Rivera says she wasn’t surprised that her staff pitched in to work after the hurricane. “We also know that the population we serve does not have the resources, they do not have families,” she says. “Some of the women in the programs would not have anything to eat if it wasn’t for us.”
Rivera says the shelter has observed an increase in cases of gender violence in the country since Maria. She attributes the spike to a number of factors, including increased unemployment as well as the emotional and mental imbalance that resulted from losing essential services such as water and electricity for extended periods of time.
“Financial issues, having no plan to tackle what comes next, and the decay of people’s mental and emotional health caused by the lack of services are all factors that will operate as triggers for this type of behavior,” Rivera says.
The center’s workers have reached out to their neighbors to address these broader impacts of the storm, assisting people who were not participants of their shelter’s programs. Since the federal funding the center receives can only be used for approved purposes, this meant turning to the local community for help. Hogar Nueva Mujer has seen expressions of solidarity from every level, from private citizens to other nonprofits and large companies.
“Puerto Ricans feel solidarity, and they give what they have,” says Rivera. “Everyone we asked has helped us — we have never received a ‘no’ for an answer.”
In order to keep the shelter’s generator running, the organization launched a project called Laundry Solidario — “Solidarity Laundromat” — to add revenue on top of donations. People pay a suggested donation of $2 to wash and $5 to dry their clothes per load at the center’s washers and dryers. No one is denied service, regardless of ability to pay. The money helps the center cover its $500 in expenses on gas for the generator every two weeks.
It was thanks to the Laundry Solidario that the center was able to reach Carmen Díaz, a 48-year-old woman who lost her home and her livelihood when the childcare center she ran had to close because of structural damage. Díaz went to the laundromat to wash her clothes and ended up receiving psychological counseling to help her bear the blow.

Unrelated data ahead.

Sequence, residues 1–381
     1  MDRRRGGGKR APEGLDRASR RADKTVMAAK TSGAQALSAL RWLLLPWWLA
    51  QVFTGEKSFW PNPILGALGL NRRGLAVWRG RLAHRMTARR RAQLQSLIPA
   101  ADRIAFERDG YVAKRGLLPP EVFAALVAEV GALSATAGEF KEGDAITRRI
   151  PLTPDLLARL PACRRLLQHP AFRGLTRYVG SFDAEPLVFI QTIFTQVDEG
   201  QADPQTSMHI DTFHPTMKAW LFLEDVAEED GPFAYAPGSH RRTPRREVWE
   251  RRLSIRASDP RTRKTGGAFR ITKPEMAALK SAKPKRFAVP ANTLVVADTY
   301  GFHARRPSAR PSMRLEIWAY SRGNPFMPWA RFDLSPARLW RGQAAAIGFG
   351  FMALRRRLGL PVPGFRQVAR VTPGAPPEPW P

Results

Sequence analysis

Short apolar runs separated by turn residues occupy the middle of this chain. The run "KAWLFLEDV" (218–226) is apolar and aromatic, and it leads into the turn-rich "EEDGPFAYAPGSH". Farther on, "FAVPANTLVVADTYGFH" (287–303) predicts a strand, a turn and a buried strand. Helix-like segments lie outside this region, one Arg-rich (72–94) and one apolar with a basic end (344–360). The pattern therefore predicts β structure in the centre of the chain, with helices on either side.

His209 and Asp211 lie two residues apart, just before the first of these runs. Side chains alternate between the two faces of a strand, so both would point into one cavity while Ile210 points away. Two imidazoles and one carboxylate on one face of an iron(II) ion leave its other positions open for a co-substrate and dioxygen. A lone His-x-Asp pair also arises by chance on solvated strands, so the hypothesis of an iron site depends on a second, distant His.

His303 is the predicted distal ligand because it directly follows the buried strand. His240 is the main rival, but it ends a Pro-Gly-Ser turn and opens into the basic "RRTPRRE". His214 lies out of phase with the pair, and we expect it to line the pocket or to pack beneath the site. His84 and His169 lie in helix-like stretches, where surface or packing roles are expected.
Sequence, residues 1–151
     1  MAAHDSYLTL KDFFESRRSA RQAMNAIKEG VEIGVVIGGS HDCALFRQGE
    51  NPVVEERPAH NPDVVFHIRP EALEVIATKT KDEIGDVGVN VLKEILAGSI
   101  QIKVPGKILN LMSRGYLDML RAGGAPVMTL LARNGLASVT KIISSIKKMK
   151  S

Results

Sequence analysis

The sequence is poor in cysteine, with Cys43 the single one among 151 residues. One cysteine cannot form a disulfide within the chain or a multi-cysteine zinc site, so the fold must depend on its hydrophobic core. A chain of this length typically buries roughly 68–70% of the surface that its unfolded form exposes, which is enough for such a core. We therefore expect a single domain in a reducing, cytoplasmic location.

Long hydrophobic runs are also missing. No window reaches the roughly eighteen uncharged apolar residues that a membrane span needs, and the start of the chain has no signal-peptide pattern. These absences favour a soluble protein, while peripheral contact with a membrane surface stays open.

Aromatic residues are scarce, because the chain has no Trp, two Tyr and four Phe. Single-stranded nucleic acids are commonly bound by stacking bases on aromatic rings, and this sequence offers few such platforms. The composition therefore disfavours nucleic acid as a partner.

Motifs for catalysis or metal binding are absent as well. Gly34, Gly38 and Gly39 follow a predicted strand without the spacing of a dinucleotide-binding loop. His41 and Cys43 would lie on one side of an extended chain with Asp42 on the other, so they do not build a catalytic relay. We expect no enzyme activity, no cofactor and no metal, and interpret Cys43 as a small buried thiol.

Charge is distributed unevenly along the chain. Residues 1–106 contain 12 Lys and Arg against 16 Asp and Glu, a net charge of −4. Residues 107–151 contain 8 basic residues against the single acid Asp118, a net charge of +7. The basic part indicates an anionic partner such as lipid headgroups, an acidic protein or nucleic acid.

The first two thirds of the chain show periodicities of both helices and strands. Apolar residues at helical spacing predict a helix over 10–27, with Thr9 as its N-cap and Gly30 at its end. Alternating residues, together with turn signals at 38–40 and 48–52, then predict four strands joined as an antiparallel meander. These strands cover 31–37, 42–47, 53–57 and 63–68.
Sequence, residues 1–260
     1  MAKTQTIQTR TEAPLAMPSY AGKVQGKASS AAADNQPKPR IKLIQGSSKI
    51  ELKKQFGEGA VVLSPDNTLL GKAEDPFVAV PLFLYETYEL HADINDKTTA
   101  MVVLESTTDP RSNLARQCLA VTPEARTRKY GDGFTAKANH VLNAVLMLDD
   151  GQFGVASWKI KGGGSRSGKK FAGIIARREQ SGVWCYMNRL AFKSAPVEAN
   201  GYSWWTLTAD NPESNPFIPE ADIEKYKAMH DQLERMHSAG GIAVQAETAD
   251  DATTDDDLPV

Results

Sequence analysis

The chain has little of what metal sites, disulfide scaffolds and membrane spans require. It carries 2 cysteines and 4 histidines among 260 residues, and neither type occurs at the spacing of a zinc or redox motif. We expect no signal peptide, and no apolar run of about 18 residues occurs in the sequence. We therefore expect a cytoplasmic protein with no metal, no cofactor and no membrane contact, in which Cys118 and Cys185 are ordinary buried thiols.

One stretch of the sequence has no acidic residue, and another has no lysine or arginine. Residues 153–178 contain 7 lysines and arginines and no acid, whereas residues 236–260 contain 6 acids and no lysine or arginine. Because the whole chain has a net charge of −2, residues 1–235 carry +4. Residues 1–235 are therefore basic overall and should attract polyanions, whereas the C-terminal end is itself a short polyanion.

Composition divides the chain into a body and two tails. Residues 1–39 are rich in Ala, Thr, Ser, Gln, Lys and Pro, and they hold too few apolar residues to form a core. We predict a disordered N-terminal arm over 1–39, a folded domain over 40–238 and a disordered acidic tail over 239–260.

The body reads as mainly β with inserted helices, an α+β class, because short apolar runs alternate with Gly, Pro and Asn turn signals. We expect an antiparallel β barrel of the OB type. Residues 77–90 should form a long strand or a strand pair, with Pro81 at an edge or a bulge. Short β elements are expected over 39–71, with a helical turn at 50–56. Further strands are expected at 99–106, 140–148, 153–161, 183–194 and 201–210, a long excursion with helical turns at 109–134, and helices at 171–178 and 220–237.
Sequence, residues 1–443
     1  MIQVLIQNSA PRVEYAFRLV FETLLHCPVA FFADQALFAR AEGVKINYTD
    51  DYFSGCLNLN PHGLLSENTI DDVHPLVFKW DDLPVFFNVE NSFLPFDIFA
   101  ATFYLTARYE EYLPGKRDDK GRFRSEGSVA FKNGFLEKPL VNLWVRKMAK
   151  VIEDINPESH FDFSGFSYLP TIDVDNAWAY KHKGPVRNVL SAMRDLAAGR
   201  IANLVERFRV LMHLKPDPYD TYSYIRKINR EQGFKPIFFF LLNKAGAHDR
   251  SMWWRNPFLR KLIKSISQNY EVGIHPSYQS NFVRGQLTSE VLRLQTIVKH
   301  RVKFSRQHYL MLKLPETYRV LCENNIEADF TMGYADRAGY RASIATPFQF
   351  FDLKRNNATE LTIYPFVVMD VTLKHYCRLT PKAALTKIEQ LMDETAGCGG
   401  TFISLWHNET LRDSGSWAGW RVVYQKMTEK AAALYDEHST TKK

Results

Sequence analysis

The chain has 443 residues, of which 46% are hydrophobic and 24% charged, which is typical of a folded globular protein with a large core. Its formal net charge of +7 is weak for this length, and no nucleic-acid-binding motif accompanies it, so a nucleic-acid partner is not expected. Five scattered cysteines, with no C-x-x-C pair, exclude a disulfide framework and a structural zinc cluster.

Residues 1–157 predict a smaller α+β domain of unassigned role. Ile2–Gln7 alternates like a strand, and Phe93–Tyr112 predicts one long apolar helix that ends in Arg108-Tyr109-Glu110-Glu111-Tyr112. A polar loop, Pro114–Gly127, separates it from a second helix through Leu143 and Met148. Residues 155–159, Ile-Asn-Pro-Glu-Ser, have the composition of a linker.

“It is overwhelming to lose everything in the blink of an eye,” says Díaz. “It is a very painful situation. I am really grateful for the psychological help I have received in the shelter and for the counseling they have given me to find housing and a job.”
Among the people outside of their programs’ participants that the staff has assisted, one of the most shocking cases is that of Ivonne Huertas. She lived with her four teenage children in a concrete house that lost its entire roof, leaving the family under the open sky and at the mercy of the sun and the rain.
The owners of a metal recycling company located across the street from the house lent her a broken-down school bus to stay in so they could at least have a roof over their heads. They also provided her with an extension cord to connect fans or lamps, but it would only work when the recycling plant was operating.
Huertas spent two and a half months living in the school bus before she arrived at Hogar Nueva Mujer.
“It was horrible, distressing,” says Huertas. “I was falling into a depression. My youngest son even wanted to go live with his father in Connecticut. It is very hard not to be able to give your children a safe place to live in.”
“The shelter’s assistance has been so good,” she adds. “They are always looking after us. It was such a great joy, so beautiful, to feel the certainty of having a safe place to go to.”
Three months after the hurricane hit, needs remain visible day after day in the homes of thousands of Boricuas. “This is a country where we have high poverty levels, and what we always knew has now become evident: that the poverty was lying beneath the surface,” says Rivera. “Maria has unveiled it.” Even knowing the country’s ongoing economic problems, she says, “we were not prepared for this. You had a zinc roof and thought you were safe. Now, there is no roof whatsoever.”
That’s why Hogar remains firm in its mission to help. The nonprofit, which depends entirely on federal funding and donations from individuals and organizations, accepts contributions through ATH Móvil, at (787) 263-6473, via PayPal (HogarNM@gmail.com), by mail (Hogar Nueva Mujer, P.O. Box 927, Cayey, Puerto Rico, 00737), or by making a deposit at Banco Popular, account #047018178.
This article from the Village Voice Archive was posted on January 8, 2018